April 11 in Slovenian History: Italy & Hungary Invade Slovenia

By , 11 Apr 2019, 16:22 PM Lifestyle
Green: Italian (Old gains from the WWI and the new gains of the WWII), Brown: German, Yellow: Hungarian Green: Italian (Old gains from the WWI and the new gains of the WWII), Brown: German, Yellow: Hungarian Augusta 89, Wikimedia Commons, CC BY-SA 4.0

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April 11, 2019

In 1941 Italy and Hungary joined Germany's invasion of Yugoslavia, also known as the April War.

On February 5, 1941, the German Foreign Minister Joachim von Ribbentrop expressed a demand via a Yugoslav secret envoy to Berlin for the Kingdom of Yugoslavia to join the Tripartite Pact. The Yugoslavian leadership assessed the situation and figured it would be best for Yugoslavia to follow this order. On March 25, the Pact was signed, which triggered mass protests across the country. The chaos was seized by a group of pro-British military servicemen, who carried out a coup on March 27 and put young King Peter to the throne. All of this offended Hitler personally, so he decided to postpone his plans for the invasion of the Soviet Union and strike Yugoslavia first.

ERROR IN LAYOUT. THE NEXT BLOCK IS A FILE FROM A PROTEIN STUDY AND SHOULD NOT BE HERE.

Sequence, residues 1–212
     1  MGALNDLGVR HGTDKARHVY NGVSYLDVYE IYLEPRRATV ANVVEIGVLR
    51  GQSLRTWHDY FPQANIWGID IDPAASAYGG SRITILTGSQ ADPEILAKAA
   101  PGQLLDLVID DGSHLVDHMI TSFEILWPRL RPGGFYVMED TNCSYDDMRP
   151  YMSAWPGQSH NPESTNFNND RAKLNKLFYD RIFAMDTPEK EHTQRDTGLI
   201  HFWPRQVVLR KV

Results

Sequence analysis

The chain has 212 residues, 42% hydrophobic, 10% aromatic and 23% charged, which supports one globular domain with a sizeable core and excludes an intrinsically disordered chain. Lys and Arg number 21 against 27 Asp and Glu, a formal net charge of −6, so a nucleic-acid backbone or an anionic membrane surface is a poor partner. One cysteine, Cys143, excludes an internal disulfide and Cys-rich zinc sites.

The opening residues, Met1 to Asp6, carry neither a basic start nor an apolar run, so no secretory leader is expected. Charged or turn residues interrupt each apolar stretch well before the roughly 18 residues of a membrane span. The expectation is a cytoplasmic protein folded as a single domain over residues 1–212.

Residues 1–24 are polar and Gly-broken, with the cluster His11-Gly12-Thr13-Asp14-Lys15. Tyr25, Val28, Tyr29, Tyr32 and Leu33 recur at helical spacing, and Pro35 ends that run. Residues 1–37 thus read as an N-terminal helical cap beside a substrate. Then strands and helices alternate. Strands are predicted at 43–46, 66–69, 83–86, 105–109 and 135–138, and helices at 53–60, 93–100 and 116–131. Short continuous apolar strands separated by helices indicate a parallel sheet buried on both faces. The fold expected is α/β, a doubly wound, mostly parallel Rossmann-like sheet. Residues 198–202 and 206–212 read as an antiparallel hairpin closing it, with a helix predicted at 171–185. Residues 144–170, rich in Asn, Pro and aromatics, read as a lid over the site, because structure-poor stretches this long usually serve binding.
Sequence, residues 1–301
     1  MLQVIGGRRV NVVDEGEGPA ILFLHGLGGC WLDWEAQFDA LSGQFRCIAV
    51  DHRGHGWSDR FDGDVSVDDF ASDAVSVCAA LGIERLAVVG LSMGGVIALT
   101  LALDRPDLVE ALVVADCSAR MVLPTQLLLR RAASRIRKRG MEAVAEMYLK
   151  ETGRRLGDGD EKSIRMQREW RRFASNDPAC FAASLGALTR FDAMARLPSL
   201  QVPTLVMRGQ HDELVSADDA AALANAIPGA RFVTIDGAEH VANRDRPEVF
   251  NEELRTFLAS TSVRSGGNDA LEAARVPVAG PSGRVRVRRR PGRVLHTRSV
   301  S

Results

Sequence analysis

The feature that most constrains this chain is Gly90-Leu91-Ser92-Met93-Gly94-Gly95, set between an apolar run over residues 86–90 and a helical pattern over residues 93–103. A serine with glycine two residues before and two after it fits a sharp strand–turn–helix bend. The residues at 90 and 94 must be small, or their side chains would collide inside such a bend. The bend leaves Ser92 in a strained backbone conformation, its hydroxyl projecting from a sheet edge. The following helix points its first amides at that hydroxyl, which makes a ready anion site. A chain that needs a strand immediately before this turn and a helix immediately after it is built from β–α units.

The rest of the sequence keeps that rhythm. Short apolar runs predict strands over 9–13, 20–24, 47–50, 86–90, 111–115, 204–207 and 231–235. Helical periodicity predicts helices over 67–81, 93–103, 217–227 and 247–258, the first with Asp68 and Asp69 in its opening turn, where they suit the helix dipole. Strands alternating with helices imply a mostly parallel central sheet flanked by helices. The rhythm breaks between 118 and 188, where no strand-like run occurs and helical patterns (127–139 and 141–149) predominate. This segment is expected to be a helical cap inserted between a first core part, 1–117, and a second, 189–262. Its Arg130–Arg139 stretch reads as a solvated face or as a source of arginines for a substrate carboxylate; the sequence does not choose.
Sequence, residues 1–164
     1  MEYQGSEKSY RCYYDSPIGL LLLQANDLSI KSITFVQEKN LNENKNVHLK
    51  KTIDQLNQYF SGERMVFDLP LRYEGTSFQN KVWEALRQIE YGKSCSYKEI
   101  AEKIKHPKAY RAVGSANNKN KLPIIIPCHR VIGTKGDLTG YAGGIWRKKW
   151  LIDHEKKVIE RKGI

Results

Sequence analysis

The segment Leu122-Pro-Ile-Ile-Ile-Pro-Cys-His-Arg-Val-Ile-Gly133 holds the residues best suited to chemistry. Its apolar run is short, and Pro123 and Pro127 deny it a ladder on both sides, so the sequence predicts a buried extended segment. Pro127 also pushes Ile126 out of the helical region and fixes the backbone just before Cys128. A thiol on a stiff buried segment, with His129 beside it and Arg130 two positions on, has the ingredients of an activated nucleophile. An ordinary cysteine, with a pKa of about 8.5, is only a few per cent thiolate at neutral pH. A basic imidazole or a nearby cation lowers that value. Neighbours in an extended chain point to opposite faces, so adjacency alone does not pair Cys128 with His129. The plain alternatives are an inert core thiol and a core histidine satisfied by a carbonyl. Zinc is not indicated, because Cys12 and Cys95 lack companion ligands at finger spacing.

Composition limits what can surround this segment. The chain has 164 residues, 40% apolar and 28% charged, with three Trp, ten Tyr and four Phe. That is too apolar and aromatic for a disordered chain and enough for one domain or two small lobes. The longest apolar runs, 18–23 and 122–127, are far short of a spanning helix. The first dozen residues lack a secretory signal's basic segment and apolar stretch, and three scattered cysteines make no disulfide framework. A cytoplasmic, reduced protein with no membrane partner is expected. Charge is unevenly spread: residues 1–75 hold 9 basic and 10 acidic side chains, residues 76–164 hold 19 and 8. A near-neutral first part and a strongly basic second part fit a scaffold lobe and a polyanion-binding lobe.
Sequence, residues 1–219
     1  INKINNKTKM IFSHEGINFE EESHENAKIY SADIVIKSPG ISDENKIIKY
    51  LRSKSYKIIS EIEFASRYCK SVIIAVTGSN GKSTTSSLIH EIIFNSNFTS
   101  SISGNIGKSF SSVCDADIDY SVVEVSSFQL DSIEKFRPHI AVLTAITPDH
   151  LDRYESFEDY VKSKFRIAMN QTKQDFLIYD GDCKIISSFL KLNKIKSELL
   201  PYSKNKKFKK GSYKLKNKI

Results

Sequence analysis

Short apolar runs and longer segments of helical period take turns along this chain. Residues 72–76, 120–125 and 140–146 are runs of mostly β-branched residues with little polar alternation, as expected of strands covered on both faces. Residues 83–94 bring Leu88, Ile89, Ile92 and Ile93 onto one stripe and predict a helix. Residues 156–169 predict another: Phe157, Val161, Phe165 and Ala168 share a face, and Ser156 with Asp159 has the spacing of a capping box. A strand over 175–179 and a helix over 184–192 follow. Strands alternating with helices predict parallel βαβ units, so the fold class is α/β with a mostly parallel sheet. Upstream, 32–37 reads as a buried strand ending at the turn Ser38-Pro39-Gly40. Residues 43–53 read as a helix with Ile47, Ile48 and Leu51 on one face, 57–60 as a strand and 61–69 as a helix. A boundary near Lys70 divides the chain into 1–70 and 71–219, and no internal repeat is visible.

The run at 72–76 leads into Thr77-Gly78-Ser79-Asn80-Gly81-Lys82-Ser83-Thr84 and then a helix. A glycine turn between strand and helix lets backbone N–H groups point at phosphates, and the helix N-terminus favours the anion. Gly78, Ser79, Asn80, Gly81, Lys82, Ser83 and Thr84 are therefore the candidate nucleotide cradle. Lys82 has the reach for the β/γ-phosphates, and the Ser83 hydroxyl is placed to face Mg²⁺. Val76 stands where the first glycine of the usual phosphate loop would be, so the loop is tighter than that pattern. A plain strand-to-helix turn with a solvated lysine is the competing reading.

Without any formal declaration of war, the attack began on Sunday, April 6th, with an air raid on Yugoslav military airports and the open, undefended city of Belgrade after that.

On today’s date, April 11th, 1941, the kingdom was also attacked by Italy and Hungary, to whom the Germans had promised parts of Yugoslav land for their collaboration in the invasion. Yugoslavia capitulated on April 17th, 1941, and the Germans took the northern part of Slovenia with Styria and Upper Carniola, Hungary occupied Prekmurje, and Italy occupied the south of Slovenia, with Ljubljana becoming the capital of their newly established Province of Ljubljana.

The video below shows the ltalian occupation of Ljubljana, repairs on the viaduct in Borovnica (Vienna-Ljubljana-Trieste Railway), which was partially blown up by the retreating Yugoslav Army, and the first military parade in Ljubljana.

 

All our stories on Slovenian history can be found here.

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